Texas land-use trends

Texas Land-Use Trends: Major Changes Coming

A reader recently sent me a link to a fascinating conservation webinar by a group called Texan by Nature. It begins with an eye-opening presentation on Texas Land-Use Trends by Roel Lopez, Director of the Texas A&M Natural Resources Institute.

According to Lopez, Texas comprises 171 million acres. 95% of that is private and 83% rural.

Texas loses one square mile of working lands (farms/ranches) every day due to population increases.

Roel Lopez, Director, Texas A&M Natural Resources Institute

Biggest Intergenerational Transfer of Land Ever

A&M’s Lopez predicts the largest intergenerational transfer of rural land ever will take place in the next ten years. A minuscule 1% of Texans steward 141 million private acres. And a whopping 40% of rural landowners exceed 65 years of age. Fifty-six million acres (one third of the total) could change hands during in the next ten years, according to Lopez.

The people who buy those lands may not have the same priorities as the previous generation. Rapid growth and a strong economy create increased demand for rural land. And high land values create incentives to subdivide and sell.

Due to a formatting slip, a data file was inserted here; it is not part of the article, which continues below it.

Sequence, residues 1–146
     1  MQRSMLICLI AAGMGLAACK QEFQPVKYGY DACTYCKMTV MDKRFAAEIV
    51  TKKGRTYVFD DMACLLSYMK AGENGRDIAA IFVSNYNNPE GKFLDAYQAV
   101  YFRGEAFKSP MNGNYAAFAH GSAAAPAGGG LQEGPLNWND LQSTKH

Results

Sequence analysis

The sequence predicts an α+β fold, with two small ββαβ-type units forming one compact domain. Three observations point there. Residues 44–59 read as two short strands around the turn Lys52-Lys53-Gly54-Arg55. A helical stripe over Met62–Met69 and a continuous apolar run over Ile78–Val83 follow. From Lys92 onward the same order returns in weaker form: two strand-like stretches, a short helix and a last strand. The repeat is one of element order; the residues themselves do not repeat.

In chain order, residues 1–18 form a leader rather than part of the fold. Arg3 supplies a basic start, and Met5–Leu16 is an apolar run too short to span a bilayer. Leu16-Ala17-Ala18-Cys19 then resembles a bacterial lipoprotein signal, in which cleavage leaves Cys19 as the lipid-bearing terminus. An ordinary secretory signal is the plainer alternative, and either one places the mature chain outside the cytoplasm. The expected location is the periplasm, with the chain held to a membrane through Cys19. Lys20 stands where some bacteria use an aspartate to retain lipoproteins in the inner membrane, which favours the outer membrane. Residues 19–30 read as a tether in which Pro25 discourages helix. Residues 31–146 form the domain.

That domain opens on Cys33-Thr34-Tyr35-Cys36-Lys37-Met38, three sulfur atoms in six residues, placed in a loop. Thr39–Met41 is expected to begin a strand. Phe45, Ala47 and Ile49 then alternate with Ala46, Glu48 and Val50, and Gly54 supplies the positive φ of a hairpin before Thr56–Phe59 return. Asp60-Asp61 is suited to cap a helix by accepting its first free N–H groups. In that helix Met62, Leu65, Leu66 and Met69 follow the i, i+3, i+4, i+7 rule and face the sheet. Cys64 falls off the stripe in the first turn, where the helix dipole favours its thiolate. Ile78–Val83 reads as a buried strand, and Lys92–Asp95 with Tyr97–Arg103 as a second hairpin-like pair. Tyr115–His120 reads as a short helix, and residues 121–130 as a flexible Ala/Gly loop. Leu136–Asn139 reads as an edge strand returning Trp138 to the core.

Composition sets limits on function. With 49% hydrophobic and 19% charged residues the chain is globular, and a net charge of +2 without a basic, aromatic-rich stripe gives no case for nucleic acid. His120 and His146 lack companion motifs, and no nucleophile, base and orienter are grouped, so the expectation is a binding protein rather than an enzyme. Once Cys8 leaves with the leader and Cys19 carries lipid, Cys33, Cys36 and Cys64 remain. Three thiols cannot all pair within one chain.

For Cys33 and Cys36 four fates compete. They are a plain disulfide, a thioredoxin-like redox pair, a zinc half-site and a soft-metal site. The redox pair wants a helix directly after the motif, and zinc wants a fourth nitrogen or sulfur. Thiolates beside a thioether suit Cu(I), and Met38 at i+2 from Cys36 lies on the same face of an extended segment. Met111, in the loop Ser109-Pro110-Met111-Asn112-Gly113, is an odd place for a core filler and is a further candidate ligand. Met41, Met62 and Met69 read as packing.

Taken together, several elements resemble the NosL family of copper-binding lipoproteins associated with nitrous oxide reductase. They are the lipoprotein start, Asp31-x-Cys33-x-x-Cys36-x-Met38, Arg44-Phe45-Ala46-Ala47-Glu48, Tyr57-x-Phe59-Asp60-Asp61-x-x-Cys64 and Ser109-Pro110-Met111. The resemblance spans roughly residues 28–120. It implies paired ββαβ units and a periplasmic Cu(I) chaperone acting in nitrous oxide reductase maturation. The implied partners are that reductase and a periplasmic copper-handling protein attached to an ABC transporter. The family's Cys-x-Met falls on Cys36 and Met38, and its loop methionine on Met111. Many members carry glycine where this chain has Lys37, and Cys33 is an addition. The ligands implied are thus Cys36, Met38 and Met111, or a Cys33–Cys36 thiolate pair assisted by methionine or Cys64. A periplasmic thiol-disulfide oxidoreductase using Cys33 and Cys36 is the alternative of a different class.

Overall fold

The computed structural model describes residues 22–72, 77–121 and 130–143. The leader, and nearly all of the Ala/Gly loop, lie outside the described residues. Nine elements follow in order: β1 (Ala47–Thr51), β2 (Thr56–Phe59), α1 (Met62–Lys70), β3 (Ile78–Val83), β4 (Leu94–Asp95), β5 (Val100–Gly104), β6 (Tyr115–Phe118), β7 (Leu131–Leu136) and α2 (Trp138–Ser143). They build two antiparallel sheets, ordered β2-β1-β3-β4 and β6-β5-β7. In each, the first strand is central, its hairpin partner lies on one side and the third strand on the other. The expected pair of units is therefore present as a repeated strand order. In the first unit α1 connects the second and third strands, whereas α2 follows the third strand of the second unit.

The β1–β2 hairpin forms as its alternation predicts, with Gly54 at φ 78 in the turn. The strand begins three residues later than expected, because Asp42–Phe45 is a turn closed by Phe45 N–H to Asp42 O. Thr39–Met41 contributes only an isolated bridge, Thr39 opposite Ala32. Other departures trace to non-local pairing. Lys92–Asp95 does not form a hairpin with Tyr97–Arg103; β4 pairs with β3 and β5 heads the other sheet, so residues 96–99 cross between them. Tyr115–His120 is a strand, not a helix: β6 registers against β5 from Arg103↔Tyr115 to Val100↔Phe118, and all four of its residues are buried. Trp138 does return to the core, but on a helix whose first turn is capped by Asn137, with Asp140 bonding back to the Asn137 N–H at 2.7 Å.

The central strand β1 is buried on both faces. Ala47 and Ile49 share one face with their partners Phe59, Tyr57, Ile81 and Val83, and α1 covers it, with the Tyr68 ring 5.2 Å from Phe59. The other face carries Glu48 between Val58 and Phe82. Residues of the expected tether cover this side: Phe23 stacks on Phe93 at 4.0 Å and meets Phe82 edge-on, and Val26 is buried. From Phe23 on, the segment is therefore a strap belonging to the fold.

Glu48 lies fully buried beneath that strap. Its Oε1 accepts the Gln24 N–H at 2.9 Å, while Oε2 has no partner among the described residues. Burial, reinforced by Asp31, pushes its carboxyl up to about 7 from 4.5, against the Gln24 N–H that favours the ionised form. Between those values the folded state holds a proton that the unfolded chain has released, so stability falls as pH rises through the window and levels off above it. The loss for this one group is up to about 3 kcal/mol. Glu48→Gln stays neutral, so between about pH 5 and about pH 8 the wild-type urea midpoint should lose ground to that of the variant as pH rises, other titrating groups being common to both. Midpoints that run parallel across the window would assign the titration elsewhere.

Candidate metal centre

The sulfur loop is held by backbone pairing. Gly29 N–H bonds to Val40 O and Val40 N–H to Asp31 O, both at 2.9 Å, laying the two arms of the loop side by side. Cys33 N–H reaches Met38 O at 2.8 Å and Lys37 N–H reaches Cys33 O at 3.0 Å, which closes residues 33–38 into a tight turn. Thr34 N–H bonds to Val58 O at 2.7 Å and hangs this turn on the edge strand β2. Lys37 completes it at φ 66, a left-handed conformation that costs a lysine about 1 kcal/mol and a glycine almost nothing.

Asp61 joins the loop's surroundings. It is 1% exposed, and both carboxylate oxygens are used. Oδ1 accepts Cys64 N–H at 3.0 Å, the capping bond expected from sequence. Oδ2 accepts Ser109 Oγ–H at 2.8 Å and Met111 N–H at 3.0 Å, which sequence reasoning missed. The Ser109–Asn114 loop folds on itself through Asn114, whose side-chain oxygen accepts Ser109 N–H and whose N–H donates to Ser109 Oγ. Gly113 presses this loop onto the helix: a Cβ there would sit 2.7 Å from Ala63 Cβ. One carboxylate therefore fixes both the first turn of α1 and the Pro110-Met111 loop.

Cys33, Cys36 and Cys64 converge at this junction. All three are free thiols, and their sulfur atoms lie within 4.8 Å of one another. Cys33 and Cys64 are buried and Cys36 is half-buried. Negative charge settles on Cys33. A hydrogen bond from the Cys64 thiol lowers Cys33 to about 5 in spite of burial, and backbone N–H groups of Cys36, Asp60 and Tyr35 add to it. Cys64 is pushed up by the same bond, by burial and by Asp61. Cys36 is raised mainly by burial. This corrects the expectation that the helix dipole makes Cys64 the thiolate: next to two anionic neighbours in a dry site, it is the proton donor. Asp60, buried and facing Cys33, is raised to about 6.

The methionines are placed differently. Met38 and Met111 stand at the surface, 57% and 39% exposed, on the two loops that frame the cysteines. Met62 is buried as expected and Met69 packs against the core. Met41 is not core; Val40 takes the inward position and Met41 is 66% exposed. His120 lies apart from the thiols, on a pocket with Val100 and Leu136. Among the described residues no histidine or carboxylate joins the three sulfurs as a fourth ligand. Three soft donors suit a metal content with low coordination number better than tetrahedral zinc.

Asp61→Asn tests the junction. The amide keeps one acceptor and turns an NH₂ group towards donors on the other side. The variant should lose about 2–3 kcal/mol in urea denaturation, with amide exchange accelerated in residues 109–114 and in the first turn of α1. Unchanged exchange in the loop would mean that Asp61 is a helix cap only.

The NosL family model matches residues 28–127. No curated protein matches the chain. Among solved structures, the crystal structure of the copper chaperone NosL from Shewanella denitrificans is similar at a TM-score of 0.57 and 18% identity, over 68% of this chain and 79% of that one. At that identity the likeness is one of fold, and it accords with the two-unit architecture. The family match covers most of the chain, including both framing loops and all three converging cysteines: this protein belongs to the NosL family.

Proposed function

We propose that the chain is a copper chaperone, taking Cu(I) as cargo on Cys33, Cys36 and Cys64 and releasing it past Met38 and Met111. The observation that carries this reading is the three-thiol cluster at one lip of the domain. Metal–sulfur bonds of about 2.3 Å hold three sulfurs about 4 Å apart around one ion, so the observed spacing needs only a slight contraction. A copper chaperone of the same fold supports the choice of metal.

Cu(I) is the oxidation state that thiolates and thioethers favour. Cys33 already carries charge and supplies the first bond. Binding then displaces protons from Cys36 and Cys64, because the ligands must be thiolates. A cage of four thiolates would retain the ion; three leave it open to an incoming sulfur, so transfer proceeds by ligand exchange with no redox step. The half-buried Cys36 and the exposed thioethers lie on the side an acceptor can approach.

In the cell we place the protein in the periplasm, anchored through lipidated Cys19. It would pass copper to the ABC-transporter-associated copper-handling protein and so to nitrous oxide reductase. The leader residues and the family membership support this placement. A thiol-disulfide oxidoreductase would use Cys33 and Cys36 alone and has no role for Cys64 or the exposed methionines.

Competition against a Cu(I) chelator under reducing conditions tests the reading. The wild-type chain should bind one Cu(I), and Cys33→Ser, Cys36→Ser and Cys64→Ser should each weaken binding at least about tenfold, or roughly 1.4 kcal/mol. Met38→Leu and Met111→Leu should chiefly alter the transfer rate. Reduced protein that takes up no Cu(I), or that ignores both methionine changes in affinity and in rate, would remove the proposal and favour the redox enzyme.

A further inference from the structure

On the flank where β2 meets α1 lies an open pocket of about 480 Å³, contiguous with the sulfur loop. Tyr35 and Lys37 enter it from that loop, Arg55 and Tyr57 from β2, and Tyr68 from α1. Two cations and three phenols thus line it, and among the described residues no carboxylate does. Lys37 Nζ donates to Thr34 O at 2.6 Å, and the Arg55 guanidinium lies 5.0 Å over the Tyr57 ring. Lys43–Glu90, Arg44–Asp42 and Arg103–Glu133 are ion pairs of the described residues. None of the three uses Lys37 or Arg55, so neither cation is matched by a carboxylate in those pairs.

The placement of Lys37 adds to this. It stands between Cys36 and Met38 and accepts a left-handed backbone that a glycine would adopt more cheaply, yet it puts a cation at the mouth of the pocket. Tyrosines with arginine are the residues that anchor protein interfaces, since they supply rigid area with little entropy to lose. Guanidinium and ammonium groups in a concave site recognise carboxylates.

So conversion of the land could result in a loss of food, fiber and water supplies, says Lopez. He calculates that every day, that one square mile of land lost results in 20,000 fewer steak dinners produced, 10,000 blue jeans not made, and 91 water towers not filled.

Lopez doesn’t specifically address flooding issues, but it doesn’t take a genius to connect those dots.

Screen capture from State of Texas Natural Resources held on Jan. 19, 2022 shows rapid rise in population placing pressure on land owners.

Pressure to Convert Land Puts Pressure on Forests, Wetlands

With the future of agriculture and human health dependent on private lands and their stewardship, and with so much pressure for elderly landowners and their heirs to cash in, we can expect rapid change.

As urban areas grow rapidly outward, the forests and wetlands that create natural buffers between people and floods could disappear rapidly.

Part of approximately 2500 acres cleared by Colony Ridge in Liberty County last year. These were once forests and wetlands.

To learn more about Texas land-use trends, visit the A&M Natural Resources Institute website.

Posted by Bob Rehak on 2/16/22 with thanks to Beth Leggieri

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